It seems likely that, in his daydreams and musings, in his idle moments and salary cap-based diagrams, this is the team that Bruins general manager Peter Chiarelli envisioned: The high-scoring right wing to complement Milan Lucic and David Krejci. The feistiness exhibited by Zdeno Chara and, on Saturday, by Adam McQuaid. The skill to shut down a top-tier offense.
The Bruins had spent much of the first half of the season stumbling, handicapped by their injuries, ineffectiveness, coach Claude Julien’s inability to put out consistent lines and pairings, and by the rust that came with those returning from long periods in the press box.
Now, the Bruins have seen flashes of brilliance from rookie David Pastrnak and they have seen flashes of what they can be as a team.
Against the Lightning — the top team in the Eastern Conference — the Bruins recorded their fourth straight win, a 4-3 victory at the TD Garden on Tuesday night. It was a game in which the Bruins looked confident, played with spark, and got two more needed points.
“We all knew that when we have our whole team intact, we’re a really good team,” Brad Marchand said.
“But that’s the thing: We’re a really good team, and when you’re missing parts, it’s tough to fill a gap in the lineup, especially when you have guys out like Zee and Krech. You can’t replace guys like that.
“We all knew that when we were all back, we were going to be a really good team. And we know we are. But it’s all about playing the right way and believing in the system and working hard. When we do that and we have our whole team, we’re a good team.”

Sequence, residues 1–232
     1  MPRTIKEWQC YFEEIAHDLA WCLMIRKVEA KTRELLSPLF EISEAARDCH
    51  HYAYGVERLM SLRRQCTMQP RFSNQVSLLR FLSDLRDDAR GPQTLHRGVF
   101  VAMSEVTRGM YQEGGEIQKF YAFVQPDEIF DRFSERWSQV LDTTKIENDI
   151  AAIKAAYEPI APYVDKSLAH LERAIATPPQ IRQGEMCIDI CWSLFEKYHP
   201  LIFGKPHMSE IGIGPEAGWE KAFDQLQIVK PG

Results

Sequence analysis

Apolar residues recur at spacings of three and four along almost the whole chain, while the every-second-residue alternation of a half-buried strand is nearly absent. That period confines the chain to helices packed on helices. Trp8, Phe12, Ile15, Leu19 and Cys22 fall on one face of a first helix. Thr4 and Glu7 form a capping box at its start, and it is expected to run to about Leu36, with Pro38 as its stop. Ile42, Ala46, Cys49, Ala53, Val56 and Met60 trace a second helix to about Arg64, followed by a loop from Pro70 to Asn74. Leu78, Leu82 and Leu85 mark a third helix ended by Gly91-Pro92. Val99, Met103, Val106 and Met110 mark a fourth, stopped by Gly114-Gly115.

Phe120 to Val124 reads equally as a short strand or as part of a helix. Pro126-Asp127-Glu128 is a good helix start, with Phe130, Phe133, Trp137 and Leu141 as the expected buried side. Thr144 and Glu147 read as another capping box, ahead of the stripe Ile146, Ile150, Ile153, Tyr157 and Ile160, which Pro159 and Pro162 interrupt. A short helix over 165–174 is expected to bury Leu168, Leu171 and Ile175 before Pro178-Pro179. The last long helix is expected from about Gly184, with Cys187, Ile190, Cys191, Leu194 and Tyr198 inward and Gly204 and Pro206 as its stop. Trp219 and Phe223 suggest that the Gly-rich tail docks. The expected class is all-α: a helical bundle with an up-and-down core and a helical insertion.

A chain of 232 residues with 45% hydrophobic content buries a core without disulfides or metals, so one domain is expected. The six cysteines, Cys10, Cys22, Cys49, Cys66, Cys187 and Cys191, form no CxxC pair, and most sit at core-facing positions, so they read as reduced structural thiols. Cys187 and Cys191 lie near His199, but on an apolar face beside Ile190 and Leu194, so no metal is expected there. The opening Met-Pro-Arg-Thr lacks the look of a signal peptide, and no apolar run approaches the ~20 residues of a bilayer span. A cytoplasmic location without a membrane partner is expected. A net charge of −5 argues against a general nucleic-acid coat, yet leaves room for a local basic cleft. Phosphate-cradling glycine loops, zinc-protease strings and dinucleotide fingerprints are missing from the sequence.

That whole team might soon include Pastrnak, at least on more than just a trial basis. The rookie added two more goals on Tuesday, after his two on Saturday, as he makes every effort to convince the Bruins brass to burn the first year of his entry-level contract.
“You know,” Julien said, “I think he’s making a case for himself.”
That case now includes four goals and one assist in eight career NHL games, along with the sense that his speed can change games. That was in evidence on Pastrnak’s first goal of the night, which came 15:24 into the second period. As Tuukka Rask (16-of-19 saves) said, “We don’t necessarily have too many guys like that.”
Pastrnak started moving his feet once he hit the red line, and did not stop until he had come all the way down the left side of the ice, around Ben Bishop in net, scoring backhand-to-forehand.
He wasn’t done.
Pastrnak, who had seven shots on goal, added the winner at 1:30 of the third on a wraparound off a faceoff win. It was the fourth goal that he had been on ice for against the Lightning, giving him a plus-four on the night in his 17:10 of ice time.
One of those goals came from Marchand off a beautiful feed from extra attacker Carl Soderberg on a delayed penalty at 16:42 of the first. The other came from Lucic (off the skate of Anton Stralman) at 19:06 of the second, a tie-breaking goal that marked the second score in three shifts for the line of Lucic, Krejci, and Pastrnak.
Since the Bruins lost Jarome Iginla this summer, there has been angst about who might play alongside Lucic and Krejci. The Bruins have auditioned a number of candidates, from Seth Griffith to Simon Gagne to (briefly) Loui Eriksson. All that time, Chiarelli has been working the phones to find an outside winger to fill the spot.
But Pastrnak could be his answer, despite the weight issue and the age issue and the entry-level contract issue.
He could be the missing piece.
“If he keeps playing like that, we don’t need to make any trades,” Dougie Hamilton quipped.
Of course, that’s a lot to heap on an 18-year-old. But over their last four games, with Pastrnak in the lineup for three of them, the Bruins have looked and played better, and have beaten two of the top teams in the East (Pittsburgh and Tampa Bay).
They came back twice from one-goal deficits on Tuesday, both courtesy of Steven Stamkos. They played the way that they should play, at least in the way that Julien and Chiarelli drew it up, despite a bit of a slow start. They looked like the Bruins, which hasn’t always been the case this season.
As Hamilton said, “I think it feels like it’s back to normal now.”